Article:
Sonic Frontiers is shaping up to be the biggest leap forward in the series since Sonic Adventure. From the open world to the combat, Frontiers is changing everything we know about modern Sonic, and is finally pushing the series forward after years of stagnation. But how much change is too much change?

With a slimmer cast of characters and a softer tone, Frontiers could be the least ‘Sonic’ Sonic game we’ve ever seen. And yet, based on a demo we got to try at Gamescom last week, the gamble is definitely worth it. The gameplay is fantastic, the combat is stupidly responsive and engaging, and based on the open world alone, Frontiers could be the blue blur’s finest hour in years.


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Far from feeling like an overly stylized auto-runner, Frontiers is full of life and much-needed innovation. What we played in the demo showcased the best of what the boost formula has to offer, while leaving behind most of its shortcomings.

In the 20-minute preview, we were thrown right into the action. Sonic wakes up in a mysterious digitized open world, having been separated from Tails and Amy. A disembodied voice guides us through a tutorial, immediately making it clear that there’s much more to Frontiers’ gameplay than previous Sonic games.

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Within the first ten minutes, you can already play around with far more abilities than we’ve had in years. In no time at all we unlocked the Cyloop ability from the new skill tree. With this activated, you can damage enemies by running in loops around them - a nice change of pace from spamming the homing attack over and over again. You can still use the homing attack, of course, but now that’s only the start of what Sonic can do to mow down enemies.

Best of all, these new options mean that boss battles finally feel like actual challenges. The few mini-bosses we took on were fun, intuitive, and moreish, letting you mess around with the moves you unlock during the story. It didn’t feel like any Sonic game before, and it’s been a long time since the series has felt this fresh. Instead of mashing ‘A’ to bash into the boss, you can get up close and personal and use your fists to attack. And of course, Cyloop means you don’t have to get near your opponents at all. It’s been a while since Sonic supported different playstyles like this.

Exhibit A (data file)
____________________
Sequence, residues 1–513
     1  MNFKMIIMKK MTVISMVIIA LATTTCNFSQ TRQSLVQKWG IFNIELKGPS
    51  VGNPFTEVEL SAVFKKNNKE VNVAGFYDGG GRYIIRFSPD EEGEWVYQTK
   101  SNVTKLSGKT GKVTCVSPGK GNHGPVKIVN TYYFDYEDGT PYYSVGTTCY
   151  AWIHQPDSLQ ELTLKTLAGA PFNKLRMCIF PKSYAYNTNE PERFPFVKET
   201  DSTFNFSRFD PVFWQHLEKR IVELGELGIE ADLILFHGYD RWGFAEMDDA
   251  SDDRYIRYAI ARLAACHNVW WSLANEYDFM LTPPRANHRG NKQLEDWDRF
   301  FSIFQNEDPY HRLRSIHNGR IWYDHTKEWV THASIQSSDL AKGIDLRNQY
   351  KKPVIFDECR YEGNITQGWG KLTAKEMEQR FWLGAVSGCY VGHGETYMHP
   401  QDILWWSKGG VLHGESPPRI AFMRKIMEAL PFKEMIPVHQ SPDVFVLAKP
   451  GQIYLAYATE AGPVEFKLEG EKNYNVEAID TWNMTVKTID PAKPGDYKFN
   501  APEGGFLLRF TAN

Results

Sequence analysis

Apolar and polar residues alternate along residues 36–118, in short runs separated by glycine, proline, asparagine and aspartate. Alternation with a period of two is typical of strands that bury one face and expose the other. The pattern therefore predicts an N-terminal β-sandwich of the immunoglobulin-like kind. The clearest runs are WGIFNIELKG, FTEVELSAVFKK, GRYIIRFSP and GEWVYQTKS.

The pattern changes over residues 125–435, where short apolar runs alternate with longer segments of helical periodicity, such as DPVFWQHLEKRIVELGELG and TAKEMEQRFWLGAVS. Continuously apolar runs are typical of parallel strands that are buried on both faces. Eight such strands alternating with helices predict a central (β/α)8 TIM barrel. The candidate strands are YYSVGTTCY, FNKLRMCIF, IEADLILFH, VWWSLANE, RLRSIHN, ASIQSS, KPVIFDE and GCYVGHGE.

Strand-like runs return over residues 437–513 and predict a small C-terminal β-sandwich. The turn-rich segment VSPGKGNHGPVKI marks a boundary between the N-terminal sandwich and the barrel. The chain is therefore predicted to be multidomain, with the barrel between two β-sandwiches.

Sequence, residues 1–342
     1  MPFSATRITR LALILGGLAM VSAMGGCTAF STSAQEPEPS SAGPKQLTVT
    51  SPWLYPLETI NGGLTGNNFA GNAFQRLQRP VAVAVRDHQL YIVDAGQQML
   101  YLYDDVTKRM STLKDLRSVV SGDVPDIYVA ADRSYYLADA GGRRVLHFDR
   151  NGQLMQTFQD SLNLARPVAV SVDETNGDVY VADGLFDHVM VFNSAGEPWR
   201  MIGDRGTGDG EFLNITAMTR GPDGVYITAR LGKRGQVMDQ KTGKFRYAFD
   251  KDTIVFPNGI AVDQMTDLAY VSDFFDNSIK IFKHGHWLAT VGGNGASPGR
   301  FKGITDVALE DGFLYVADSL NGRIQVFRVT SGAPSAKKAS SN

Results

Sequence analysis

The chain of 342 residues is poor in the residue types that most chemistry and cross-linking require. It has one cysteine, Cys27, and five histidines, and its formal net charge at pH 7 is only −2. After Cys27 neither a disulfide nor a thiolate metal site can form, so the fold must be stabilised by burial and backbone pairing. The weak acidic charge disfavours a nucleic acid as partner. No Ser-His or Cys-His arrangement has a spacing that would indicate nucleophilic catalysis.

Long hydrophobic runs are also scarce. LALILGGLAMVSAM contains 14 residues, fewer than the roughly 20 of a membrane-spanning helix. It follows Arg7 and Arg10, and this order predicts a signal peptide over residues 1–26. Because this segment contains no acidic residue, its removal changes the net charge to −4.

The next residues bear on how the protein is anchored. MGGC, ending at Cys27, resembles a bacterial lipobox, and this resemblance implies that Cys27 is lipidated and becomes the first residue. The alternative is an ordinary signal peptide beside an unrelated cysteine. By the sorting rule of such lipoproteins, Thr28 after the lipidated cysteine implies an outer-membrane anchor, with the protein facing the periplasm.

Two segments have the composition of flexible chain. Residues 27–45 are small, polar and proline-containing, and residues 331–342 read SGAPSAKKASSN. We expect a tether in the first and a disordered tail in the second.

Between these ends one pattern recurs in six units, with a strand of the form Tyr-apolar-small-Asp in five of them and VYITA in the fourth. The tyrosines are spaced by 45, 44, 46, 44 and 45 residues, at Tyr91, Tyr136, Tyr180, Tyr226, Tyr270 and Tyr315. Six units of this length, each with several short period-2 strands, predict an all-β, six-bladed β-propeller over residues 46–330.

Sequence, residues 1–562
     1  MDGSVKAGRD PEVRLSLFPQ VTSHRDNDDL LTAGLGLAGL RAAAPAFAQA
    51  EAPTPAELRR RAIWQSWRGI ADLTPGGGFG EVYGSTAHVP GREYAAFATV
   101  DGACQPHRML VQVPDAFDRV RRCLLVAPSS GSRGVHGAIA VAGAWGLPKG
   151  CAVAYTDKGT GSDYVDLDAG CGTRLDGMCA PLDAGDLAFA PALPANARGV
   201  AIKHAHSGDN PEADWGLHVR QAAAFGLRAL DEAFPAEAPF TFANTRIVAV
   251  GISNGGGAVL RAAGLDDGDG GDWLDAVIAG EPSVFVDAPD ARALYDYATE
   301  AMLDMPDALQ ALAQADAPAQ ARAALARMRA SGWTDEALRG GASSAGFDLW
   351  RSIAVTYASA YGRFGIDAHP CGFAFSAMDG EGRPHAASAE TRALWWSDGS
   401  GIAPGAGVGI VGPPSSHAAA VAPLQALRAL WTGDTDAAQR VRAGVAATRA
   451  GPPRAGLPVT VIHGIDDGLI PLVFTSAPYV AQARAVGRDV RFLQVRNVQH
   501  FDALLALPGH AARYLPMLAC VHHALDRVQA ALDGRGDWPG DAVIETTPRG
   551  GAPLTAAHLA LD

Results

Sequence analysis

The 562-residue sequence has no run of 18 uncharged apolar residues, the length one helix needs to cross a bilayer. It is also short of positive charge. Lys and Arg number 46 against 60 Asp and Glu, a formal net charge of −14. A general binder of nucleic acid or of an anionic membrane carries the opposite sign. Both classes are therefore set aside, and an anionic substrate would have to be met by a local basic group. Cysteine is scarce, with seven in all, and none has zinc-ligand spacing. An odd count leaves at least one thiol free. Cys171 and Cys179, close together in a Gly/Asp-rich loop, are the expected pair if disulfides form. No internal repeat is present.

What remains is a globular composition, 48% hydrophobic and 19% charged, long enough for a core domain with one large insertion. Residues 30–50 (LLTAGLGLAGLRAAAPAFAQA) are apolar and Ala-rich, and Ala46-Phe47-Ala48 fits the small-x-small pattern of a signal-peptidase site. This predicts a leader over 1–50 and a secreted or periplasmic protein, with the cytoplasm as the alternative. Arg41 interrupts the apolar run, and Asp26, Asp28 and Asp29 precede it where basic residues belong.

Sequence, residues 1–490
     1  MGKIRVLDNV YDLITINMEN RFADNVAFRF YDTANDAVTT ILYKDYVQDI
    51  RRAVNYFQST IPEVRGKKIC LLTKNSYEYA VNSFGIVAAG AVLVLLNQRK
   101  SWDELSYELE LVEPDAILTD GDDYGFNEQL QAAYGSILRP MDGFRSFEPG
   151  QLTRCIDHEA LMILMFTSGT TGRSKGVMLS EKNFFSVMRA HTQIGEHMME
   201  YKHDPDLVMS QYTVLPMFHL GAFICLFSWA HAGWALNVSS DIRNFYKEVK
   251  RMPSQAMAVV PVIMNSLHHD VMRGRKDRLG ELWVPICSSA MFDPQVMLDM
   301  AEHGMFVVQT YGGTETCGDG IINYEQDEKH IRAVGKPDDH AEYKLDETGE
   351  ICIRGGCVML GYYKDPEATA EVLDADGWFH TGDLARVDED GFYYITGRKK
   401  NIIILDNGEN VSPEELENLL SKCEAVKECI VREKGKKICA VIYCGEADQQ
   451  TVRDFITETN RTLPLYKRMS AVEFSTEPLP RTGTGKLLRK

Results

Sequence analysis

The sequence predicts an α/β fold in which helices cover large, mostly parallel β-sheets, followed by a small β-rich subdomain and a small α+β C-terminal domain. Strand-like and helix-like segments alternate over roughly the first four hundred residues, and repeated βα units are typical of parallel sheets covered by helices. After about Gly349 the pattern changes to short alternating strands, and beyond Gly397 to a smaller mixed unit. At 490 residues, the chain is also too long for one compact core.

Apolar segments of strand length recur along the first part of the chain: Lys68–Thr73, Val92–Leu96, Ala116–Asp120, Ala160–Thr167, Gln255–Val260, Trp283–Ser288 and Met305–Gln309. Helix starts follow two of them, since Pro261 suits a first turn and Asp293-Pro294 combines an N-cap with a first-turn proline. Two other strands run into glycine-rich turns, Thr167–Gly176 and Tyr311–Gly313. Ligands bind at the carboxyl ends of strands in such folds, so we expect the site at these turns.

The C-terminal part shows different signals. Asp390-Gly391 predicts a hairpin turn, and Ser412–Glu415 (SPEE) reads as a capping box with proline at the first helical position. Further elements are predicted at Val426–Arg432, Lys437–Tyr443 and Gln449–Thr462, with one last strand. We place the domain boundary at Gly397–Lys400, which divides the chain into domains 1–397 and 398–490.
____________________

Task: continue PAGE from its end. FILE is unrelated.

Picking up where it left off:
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But with this 3D fun in mind, the weakest point of the demo was, unsurprisingly, the traditional 2D levels - the things we’ve done a billion times before. In both their design and feel, they’re hardly a step forward for the series. In fact, the only saving grace was that we had the Open Zone waiting for us at the end (that, and the fact that the music slaps). Unfortunately, chucking in a few extra abilities (new attacks, wall climbing etc) isn’t enough to breathe new life into such an overdone formula. Frontiers would do well to ensure these stages are just there to break up the Open Zone sections, rather than bank on us enjoying them in their own right.

Unlike the traditional stages, the Open Zone is a much more muted, solitary experience. With Sonic separated from his friends, there’s hardly any room for his snark. It looks like more characters will pop in during the story, but from what we got to play, Sonic is largely talking to himself. Don’t expect to see him resisting arrest or making out with princesses this time around.

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This is the biggest fear going into Frontiers - we could see daft character interactions take a backseat. While this will likely be good news for more general audiences, it does kind of suck some of the charm out of Sonic. The series gets dunked on a lot for its tonally inconsistent stories, but goddamnit, that is what makes Sonic great. We all love Sonic Adventure 2, a game that introduced an emo hedgehog created to save the world from a deadly disease, who watched the military kill his only friend, a 12-year-old girl. Never mind that this is in the same game as Eggman blowing up the moon with a Death Star shaped like his face. Hell, even with weaker games like Sonic Forces, the best bits were when it took itself far too seriously (“None of this is good Vector. That’s why it’s called war”), so it would be a real shame to see Sega abandon what puts the series on the map. Sonic Frontiers is definitely taking the series in a darker direction though, I just hope it gets a little silly before the credits roll.

But in any case, if the Open Zone is given the centre stage that it deserves, there’s a very real chance this will be among the greats in the series. As I was running around in three dimensions, I found it totally conceivable that this could be my absolute favourite yet, even beating my beloved Adventure games. Sure, we might see a bit of Sonic charm sacrificed to win over casual fans, but it’ll be worth it if we finally have a Sonic game that is worthy to stand up against other 3D platformers, and keep the Sonic renaissance running along until we get the next movie.

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